1. Conflicts are a normal part of everyday life and they can and should be resolved nonviolently.
Most differences can be resolved nonviolently. It is vital to enlarge the repertoire of nonviolent options, and exhaust them before contemplating the use of force. The nonviolent resolution of conflict and nonviolent political action in resistance to oppression are effective, sustainable and constructive processes that need to be nurtured.
2. We believe in integrated, systemic approaches to conflict transformation and peacebuilding.
This means working at multiple levels from the top down, bottom up and horizontally with a wide variety of political and civil society actors in order to promote ripe conditions for peace.
3. We believe in the primacy of peoples in the resolution of conflict.
We recognise the capacities of people engaged in conflict to diagnose and resolve their own conflicts. To this end we see conflict transformation as understanding and strengthening the capacities of local actors and organisations to solve their own problems while contributing to building stable peace within their own societies.
4. We are motivated primarily by the alleviation of human suffering.
Our engagement in situations of violent conflict (or potential conflict) is driven principally by concern for societies and peoples at risk from such conflicts. We strive to protect the right to life by reducing and removing threats to it (e.g. weapons of mass and minor destruction), by addressing the root causes of conflicts, and working for their peaceful and just transformation.
5. In order to expand our impact and effectiveness we choose to work in partnership with academic, civil society, governmental and multilateral actors and organisations in the Asia-Pacific region and around the world.
This means working alongside individuals and organisations committed to the creation of a more peaceful world. We choose to do this in company with others and by generating safe spaces for dialogue that will develop mutual understanding and creative responses to conflict.
6. We are committed to promoting and improving the capacity, effectiveness and legitimacy of regional and global organisations dedicated to peace.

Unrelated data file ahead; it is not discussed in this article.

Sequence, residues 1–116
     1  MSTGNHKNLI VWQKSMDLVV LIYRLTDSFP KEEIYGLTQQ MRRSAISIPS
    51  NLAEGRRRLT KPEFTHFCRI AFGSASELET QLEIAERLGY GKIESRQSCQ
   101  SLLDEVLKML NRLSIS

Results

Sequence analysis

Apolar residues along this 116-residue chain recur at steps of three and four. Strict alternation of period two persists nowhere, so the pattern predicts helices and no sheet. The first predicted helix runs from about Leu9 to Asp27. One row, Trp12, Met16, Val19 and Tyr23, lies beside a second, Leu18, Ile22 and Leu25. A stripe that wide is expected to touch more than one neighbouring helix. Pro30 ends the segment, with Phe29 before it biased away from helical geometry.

This means working to develop multilateral regional peace and security mechanisms while enhancing the power and effectiveness of the United Nations.
7. Our research and practice is guided by a concern for excellence, evidence and facts.
The Toda Peace Institute wishes to ensure that all its research and practice work is of the highest quality. This means that it will be data driven, analytically sound and relevant to the needs of researchers, policy makers and peacebuilding practitioners.
8. We are committed to the development of innovative and creative solutions to "old" and persistent problems.
This means working across cultural, gender, ethnic and political lines to draw on the wisdom of all to generate novel options and solutions to both direct and indirect violence.
9. In all of this work we commit ourselves to long-term solutions to presenting problems.
This means making long-term commitments and partnerships and acting in collaboration and solidarity with those who are at risk of or suffering from violence.
10. The values that guide this work are non-sectarian and humanitarian coupled with a deep respect for the diversity and dignity of all human beings. Peace will never be established without respect for and high levels of trust and collaboration with partners and those in need.
Our social and political impact and effectiveness will be enhanced with high levels of empathetic concern for and consultation with others. We also wish to ensure that we are accountable and responsible to ourselves and others for the consequences of our actions. To this end the Toda Peace Institute wishes to be known as an effective learning organisation, evaluating its programmes on a regular basis, monitoring their impact and effectiveness, and benchmarking itself against organisations sharing similar goals.